A picture taken in 1899 shows a bandstand, larger than the first one, at the end of the Plaza, and the palms just recently planted.

In 1905, the Horton House was torn down to make room for the U. S. Grant Hotel. In 1907, it was suggested that a Civic center be developed around the Plaza, but civic leaders did not think it was large enough. In 1909, architect Irving Gill submitted a plan to the Park Board for four tiled walks in the Plaza. The Board accepted the plan, but with just two walks which were not tiled. A kiosk was to be placed in the center of the east side to dispense information. The same year, Mayor Louis Wilde donated the present fountain, designed by Mr. Gill. The design was an adaptation of the Charagic monument of Lysicrata, in Athens, Greece. A picture taken in 1910 shows the fountain, and a later picture gives a bird’s eye view of the Plaza as it was in 1914.

Later, a few of the palms became infested with termites, and had to be taken down. The Plaza gradually deteriorated, though sporadic attempts have been made to make it more attractive.

In 1930 and 1931 the city sandblasted and cleaned the fountain, some palm trees were replaced and a permanent information booth built.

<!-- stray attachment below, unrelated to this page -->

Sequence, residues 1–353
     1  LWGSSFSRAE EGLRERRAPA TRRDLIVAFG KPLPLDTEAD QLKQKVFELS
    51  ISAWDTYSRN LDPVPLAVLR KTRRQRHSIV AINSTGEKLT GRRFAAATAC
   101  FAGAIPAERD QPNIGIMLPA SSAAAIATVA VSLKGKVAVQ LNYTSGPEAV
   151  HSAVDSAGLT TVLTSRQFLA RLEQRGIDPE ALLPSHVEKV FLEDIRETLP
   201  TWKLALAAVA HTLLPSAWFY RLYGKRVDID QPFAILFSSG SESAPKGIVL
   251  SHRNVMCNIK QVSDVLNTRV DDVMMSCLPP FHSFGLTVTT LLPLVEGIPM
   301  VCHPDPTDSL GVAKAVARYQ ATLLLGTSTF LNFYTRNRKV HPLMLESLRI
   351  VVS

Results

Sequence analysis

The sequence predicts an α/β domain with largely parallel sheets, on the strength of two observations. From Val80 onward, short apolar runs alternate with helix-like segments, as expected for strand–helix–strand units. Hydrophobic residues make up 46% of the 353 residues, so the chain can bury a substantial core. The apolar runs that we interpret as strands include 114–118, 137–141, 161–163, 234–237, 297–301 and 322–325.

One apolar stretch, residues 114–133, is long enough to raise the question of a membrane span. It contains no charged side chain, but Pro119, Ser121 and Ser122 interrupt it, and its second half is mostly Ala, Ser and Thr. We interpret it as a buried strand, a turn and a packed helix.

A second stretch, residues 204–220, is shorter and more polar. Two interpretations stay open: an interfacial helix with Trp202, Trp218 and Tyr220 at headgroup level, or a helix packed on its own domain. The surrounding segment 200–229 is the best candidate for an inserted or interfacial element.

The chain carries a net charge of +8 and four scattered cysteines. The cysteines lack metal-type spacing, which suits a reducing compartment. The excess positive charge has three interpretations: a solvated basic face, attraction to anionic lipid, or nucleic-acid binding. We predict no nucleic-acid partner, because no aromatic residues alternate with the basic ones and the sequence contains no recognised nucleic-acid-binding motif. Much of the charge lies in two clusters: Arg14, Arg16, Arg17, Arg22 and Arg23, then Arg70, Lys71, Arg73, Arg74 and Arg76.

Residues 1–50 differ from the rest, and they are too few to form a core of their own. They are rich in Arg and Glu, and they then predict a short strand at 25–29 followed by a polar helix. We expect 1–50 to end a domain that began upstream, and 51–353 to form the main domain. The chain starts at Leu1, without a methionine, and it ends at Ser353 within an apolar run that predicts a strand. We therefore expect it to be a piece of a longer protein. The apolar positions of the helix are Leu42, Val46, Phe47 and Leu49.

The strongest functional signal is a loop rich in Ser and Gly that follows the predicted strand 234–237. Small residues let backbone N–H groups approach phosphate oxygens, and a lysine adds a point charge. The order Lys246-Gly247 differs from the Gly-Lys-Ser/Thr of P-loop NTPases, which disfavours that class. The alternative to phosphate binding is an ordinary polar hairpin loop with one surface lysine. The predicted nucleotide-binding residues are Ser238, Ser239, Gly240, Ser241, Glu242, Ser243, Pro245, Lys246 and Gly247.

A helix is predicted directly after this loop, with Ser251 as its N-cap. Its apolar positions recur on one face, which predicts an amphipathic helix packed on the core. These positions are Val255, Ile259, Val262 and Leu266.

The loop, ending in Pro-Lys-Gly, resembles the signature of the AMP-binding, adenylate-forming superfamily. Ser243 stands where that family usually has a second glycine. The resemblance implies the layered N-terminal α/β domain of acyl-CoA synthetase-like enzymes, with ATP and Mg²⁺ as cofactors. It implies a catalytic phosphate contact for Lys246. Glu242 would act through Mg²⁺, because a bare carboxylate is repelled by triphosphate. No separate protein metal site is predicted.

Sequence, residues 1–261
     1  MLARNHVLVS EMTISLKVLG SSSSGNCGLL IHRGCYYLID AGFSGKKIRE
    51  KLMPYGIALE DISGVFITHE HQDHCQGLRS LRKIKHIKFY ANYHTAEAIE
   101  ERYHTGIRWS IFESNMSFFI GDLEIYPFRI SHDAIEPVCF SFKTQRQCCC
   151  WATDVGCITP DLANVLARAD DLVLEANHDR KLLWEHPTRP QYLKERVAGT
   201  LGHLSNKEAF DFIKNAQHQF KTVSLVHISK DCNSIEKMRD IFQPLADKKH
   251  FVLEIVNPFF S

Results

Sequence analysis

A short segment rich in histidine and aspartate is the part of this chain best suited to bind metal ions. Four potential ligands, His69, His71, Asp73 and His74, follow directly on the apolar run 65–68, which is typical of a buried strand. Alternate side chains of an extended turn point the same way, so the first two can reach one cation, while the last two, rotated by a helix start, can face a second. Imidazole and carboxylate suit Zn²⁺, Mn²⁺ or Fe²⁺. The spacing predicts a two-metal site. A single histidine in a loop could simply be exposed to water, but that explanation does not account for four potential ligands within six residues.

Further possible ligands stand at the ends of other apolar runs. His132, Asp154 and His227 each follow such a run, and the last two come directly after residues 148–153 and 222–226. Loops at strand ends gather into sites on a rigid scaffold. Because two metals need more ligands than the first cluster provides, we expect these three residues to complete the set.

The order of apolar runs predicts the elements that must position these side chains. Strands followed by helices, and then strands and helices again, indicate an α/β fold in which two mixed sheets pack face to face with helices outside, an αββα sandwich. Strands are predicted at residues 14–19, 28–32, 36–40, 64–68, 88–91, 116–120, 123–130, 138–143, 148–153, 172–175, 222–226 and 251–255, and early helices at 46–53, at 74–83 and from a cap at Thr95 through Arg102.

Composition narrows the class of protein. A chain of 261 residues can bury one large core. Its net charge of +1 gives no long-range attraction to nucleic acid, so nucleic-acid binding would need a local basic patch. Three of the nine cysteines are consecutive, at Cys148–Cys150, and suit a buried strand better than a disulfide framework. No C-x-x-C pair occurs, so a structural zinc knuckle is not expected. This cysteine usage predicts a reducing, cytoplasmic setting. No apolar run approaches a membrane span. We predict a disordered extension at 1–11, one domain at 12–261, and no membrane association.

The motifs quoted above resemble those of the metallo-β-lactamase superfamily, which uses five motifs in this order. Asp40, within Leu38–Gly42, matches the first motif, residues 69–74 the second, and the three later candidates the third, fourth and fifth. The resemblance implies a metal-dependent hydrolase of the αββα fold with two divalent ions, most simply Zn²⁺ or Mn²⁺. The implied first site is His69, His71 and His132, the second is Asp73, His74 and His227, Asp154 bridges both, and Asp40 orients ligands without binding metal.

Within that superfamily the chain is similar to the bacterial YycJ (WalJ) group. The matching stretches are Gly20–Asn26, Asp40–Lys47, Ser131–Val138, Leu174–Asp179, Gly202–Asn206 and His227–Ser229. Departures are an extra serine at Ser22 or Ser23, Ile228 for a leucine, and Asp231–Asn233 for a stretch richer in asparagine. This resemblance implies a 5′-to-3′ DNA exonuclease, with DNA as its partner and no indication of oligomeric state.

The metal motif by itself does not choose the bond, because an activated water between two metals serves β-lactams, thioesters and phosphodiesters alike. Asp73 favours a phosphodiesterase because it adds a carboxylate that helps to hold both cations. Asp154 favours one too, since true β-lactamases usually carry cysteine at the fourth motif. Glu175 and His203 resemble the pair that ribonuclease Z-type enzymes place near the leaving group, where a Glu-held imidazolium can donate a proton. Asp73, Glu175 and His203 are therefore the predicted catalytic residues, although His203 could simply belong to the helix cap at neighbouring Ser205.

Many interesting homes and landmarks are being restored in Old Town, but nearly all of the old homes and landmarks known to the settlers of New San Diego, have been torn down. One of the few landmarks left is the Plaza. Perhaps it can be preserved, beautified, and if possible, enlarged.

Mary Maud Burnham came to San Diego with her parents in 1911. They moved to Providence, R.I., in 1916. She graduated from Ohio Wesleyan University in 1920 and returned to San Diego to visit in 1921 and met her future husband Marston Burnham who was born in San Diego. They were married in Providence in 1922 and came back to San Diego to live. She has written other articles about early San Diego.